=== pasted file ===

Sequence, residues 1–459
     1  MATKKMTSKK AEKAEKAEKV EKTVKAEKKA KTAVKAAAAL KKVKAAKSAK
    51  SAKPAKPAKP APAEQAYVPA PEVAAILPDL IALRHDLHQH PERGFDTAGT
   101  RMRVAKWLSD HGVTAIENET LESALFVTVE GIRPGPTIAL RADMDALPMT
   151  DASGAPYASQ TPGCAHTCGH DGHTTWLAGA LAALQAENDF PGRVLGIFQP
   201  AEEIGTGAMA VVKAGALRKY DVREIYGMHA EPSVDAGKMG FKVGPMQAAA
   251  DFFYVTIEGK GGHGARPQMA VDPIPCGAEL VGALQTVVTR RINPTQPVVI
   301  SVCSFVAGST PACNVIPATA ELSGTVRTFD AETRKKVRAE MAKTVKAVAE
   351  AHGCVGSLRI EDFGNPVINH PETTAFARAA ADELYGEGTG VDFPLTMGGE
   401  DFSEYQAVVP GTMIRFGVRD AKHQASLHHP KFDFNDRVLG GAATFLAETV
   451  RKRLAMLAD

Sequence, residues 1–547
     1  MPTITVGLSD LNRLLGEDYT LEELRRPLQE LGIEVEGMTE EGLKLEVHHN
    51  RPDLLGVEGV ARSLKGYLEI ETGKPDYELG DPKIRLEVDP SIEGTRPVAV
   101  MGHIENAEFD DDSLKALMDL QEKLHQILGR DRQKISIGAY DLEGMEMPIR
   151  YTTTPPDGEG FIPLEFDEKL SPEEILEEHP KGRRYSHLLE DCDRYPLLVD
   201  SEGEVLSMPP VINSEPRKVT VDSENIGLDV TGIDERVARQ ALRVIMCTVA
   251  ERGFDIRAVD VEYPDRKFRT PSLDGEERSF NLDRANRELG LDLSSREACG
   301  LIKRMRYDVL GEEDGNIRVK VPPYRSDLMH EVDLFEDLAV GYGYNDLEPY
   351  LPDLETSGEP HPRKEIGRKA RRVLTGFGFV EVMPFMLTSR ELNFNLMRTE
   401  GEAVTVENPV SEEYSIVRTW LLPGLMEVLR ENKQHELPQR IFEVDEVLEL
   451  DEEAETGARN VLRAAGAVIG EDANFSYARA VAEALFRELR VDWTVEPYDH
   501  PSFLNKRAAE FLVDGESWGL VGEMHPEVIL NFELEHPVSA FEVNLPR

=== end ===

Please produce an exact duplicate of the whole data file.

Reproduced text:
Sequence, residues 1–459
     1  MATKKMTSKK AEKAEKAEKV EKTVKAEKKA KTAVKAAAAL KKVKAAKSAK
    51  SAKPAKPAKP APAEQAYVPA PEVAAILPDL IALRHDLHQH PERGFDTAGT
   101  RMRVAKWLSD HGVTAIENET LESALFVTVE GIRPGPTIAL RADMDALPMT
   151  DASGAPYASQ TPGCAHTCGH DGHTTWLAGA LAALQAENDF PGRVLGIFQP
   201  AEEIGTGAMA VVKAGALRKY DVREIYGMHA EPSVDAGKMG FKVGPMQAAA
   251  DFFYVTIEGK GGHGARPQMA VDPIPCGAEL VGALQTVVTR RINPTQPVVI
   301  SVCSFVAGST PACNVIPATA ELSGTVRTFD AETRKKVRAE MAKTVKAVAE
   351  AHGCVGSLRI EDFGNPVINH PETTAFARAA ADELYGEGTG VDFPLTMGGE
   401  DFSEYQAVVP GTMIRFGVRD AKHQASLHHP KFDFNDRVLG GAATFLAETV
   451  RKRLAMLAD

Sequence, residues 1–547
     1  MPTITVGLSD LNRLLGEDYT LEELRRPLQE LGIEVEGMTE EGLKLEVHHN
    51  RPDLLGVEGV ARSLKGYLEI ETGKPDYELG DPKIRLEVDP SIEGTRPVAV
   101  MGHIENAEFD DDSLKALMDL QEKLHQILGR DRQKISIGAY DLEGMEMPIR
   151  YTTTPPDGEG FIPLEFDEKL SPEEILEEHP KGRRYSHLLE DCDRYPLLVD
   201  SEGEVLSMPP VINSEPRKVT VDSENIGLDV TGIDERVARQ ALRVIMCTVA
   251  ERGFDIRAVD VEYPDRKFRT PSLDGEERSF NLDRANRELG LDLSSREACG
   301  LIKRMRYDVL GEEDGNIRVK VPPYRSDLMH EVDLFEDLAV GYGYNDLEPY
   351  LPDLETSGEP HPRKEIGRKA RRVLTGFGFV EVMPFMLTSR ELNFNLMRTE
   401  GEAVTVENPV SEEYSIVRTW LLPGLMEVLR ENKQHELPQR IFEVDEVLEL
   451  DEEAETGARN VLRAAGAVIG EDANFSYARA VAEALFRELR VDWTVEPYDH
   501  PSFLNKRAAE FLVDGESWGL VGEMHPEVIL NFELEHPVSA FEVNLPR